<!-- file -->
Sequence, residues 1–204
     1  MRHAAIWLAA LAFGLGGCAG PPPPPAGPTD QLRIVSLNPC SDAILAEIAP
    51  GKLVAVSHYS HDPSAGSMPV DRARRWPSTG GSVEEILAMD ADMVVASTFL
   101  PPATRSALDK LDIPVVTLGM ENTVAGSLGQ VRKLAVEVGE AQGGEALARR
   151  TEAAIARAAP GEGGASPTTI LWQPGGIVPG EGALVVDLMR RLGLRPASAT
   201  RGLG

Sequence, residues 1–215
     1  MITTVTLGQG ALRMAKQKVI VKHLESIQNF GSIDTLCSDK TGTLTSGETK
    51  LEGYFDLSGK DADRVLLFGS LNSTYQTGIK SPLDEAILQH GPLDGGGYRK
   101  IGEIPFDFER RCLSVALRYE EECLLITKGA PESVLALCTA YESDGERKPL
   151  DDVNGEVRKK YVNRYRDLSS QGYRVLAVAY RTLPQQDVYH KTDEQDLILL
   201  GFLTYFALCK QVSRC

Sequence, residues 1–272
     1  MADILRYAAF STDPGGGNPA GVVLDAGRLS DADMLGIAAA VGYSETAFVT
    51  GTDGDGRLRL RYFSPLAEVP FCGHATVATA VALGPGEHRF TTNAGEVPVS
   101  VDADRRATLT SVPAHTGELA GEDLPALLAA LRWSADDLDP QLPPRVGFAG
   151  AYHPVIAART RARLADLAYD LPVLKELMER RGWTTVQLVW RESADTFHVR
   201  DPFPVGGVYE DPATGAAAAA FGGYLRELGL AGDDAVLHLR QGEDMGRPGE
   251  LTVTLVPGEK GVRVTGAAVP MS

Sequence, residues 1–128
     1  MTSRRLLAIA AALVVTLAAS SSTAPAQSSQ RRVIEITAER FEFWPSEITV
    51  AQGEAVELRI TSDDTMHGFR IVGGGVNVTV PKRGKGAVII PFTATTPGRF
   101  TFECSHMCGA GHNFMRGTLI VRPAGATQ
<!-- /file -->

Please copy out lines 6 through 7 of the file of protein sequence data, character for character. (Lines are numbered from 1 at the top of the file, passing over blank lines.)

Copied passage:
   201  RGLG

Sequence, residues 1–215